I really like its design, I just wish it had more options. Considering it’s such a new application perhaps we can forgive it for missing some basic stuff. In any case, I greatly prefer the direction taken by it to that of the likes Rhythmbox and Amarok.
I love how GNOME’s scarce functionality is presented, but I also need the applications I use to be more functional. Adding a library is not a particularly big request, think of all the people that are using Linux alongside Windows, think of how many of them currently have their music on their Windows drive. Is not an obscure need at all, is a basic feature. This is the biggest problem with GNOME 3, the Music application is just an example of a bigger problem. Applications have very limited functionality.
In other words, what GNOME really lacks is functionality, the design direction is absolutely outstanding (except for the defaults concerning gnome-shell, but not, for the most part, gnome-shell itself).
Maybe the functionality will never come. Sometimes it appears that offering very limited features is part of the GNOME Team’s philosophy. Good aesthetics and simple interfaces are also a part of their philosophy, I just hope they keep that without it being the cause of them crippling their own software.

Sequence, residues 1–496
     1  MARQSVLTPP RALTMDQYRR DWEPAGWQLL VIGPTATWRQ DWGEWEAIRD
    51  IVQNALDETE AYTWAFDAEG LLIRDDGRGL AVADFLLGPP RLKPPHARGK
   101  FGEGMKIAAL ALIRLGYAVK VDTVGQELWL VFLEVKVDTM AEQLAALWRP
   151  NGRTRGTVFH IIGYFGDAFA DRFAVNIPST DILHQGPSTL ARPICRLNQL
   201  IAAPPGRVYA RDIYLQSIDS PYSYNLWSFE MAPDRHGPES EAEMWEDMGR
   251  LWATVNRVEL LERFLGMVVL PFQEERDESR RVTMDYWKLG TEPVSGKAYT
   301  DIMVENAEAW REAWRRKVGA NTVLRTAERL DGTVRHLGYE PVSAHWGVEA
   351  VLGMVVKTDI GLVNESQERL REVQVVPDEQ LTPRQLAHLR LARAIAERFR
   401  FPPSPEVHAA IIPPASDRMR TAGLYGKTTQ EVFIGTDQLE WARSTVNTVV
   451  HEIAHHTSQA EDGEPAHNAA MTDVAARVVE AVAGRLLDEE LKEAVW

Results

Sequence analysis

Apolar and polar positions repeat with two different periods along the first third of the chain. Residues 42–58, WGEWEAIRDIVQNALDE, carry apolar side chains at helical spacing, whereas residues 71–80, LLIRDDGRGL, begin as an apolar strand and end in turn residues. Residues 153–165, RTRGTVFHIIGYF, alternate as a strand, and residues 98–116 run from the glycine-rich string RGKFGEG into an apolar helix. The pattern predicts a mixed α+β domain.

GNOME 3 is very promising. It’s incredibly polished in many respects. I recommend any user that ditched or ignored it years ago to try it. Not because I think they will switch to GNOME, most users I think won’t switch to a system that’s still so limited in so many aspects, but I think they will come to appreciate what GNOME 3 does right. Credit to where credit’s due and criticism where criticism’s due.
Correction: A commenter correctly pointed out that although Mate is used by Linux Mint, unlike Cinnamon, it wasn’t started by them. It was started by an Arch user from Argentina known as Perberos. The article was updated to correct this mistake.[sharedaddy]